Understanding investment risk from member’s perspective
Defined contribution (DC) plans, in today’s challenging environment, may not offer the level of comfort and security that most members expect. The events of recent years, and ongoing market volatility, are leading people to re-evaluate their perspectives on risk relative to return.
Risk in a DC context is quite simply the likelihood of failing to meet retirement objectives. One objective, for example, could be to retire on a pension that replaces 50 percent of an member’s salary at age 65. The possibilities are endless, but simple objectives add clarity to planning and decision making. Most members are likely to frame their objectives in terms of income desired at retirement, retirement age, or level of contributions.
Traditional measures of risk used widely for defined benefit plans, such as tracking error or value at risk, are not easily understood by the majority of members. They also vary significantly according to individual circumstances. In order to measure and communicate risk so that members regardless of financial education and different situations understand the risks that they face, defining the risks in the same terms as the members define their objectives is crucial.
The nature of DC is that investment risks are born solely by the member, so any losses will translate into lower pension, more working years, or having to save more.
Consider a member, who is five years from his planned retirement date and he has suffered a significant fall in the value of his DC fund. He may have to live on less when he reaches retirement, increase contribution to savings change the way he invests, or defer retirement date.
His colleague may suffer a similar fall in fund value. This gives her the same potential retirement deferral implications, but she is currently 10 years from retirement and therefore has more time and opportunity to either adjust her retirement income expectations, defer her planned retirement date, or increase her savings.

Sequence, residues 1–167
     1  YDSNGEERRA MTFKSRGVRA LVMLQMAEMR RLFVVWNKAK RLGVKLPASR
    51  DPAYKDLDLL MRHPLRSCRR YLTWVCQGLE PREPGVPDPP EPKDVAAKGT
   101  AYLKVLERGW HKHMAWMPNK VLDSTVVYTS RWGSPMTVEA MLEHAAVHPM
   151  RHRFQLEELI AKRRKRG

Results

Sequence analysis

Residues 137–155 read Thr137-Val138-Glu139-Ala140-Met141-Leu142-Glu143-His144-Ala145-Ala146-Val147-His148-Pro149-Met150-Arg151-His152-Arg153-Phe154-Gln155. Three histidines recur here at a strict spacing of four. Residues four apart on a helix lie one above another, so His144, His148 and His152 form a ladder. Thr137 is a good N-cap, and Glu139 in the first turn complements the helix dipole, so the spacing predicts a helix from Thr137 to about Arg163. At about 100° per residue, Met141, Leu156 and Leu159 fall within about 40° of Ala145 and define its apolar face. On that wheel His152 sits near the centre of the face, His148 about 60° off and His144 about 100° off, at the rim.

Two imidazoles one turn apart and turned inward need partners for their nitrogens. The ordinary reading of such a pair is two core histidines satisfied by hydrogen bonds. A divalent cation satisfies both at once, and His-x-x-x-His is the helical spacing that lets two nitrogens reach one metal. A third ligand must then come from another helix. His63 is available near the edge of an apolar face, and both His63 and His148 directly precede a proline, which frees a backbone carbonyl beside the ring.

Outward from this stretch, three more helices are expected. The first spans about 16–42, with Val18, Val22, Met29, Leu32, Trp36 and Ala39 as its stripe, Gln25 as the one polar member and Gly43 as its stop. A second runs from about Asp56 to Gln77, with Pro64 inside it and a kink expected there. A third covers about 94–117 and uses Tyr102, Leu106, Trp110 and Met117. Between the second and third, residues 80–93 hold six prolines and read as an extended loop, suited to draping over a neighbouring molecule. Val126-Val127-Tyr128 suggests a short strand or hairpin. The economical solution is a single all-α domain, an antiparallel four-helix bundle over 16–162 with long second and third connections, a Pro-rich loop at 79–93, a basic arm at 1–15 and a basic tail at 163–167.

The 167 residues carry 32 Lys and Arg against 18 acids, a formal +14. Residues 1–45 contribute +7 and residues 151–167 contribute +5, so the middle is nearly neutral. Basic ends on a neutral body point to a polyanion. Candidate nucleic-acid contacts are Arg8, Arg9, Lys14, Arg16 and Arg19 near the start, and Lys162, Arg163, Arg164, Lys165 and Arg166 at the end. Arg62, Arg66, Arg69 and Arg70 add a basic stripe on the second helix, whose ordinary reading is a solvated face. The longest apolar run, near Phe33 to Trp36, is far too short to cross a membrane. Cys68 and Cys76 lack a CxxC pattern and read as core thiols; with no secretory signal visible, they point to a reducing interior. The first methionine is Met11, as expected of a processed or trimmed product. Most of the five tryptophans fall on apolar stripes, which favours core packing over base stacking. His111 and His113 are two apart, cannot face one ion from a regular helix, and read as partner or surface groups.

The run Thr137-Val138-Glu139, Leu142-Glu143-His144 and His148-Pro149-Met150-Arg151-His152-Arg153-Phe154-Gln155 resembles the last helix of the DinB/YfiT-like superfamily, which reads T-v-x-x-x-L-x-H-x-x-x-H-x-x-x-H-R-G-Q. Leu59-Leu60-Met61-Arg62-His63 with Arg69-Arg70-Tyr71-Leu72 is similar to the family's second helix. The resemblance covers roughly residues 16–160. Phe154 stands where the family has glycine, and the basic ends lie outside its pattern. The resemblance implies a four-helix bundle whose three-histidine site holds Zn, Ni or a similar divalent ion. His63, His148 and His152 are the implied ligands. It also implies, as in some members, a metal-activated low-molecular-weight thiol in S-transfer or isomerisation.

The requirement for these two members to change one or other of these inputs to stay on track is therefore a risk that other members may also be exposed to. The possible extent of this expected retirement deferral is referred to Retirement at Risk (RaR).
The measure for RaR is the minimum increase required in a member’s working life in order to recover from a 1-in-20 event (such as the recent credit crunch and debt crisis) over one year and maintain the same expected replacement ratio at the later retirement age. By retiring later, a member’s pension fund is expected to grow with more contributions and investment returns. Towers Watson’s research shows that, typically, members do not expect to delay their planned retirement by more than four to five years.
Whilst the absolute level of risk is a consideration, so too is its timing. Remember the first member described above, who is five years from his anticipated retirement date. Say he is exposed to six years of RaR; there is a 1-in-20 chance that he could be required to work at least six years longer than anticipated. These will more than double the rest of his remaining expected working life. The second member, on the other hand, with 10 years to respond to the same level of RaR, has much more flexibility to adjust her income expectations, retirement date or contributions. If she does not have flexibility in her choice of retirement date, she will need to reduce her exposure to this risk.
Thus, we may reach two conclusions from this measure: Firstly, when the term to the planned retirement date is long, the member may seek to correct deviations from the expected outcome with contributions, or hope that investments improve. Members closer to retirement, however, should consider reducing allocations to risky assets if they cannot tolerate the risk associated with the investment strategy.
In sum, those with DC plans should limit risk to what they can tolerate and recover from. The simple concept of RaR can prove a useful tool in their assessment of objectives and risk tolerance.
Andy Jung is a senior consultant at Towers Watson Korea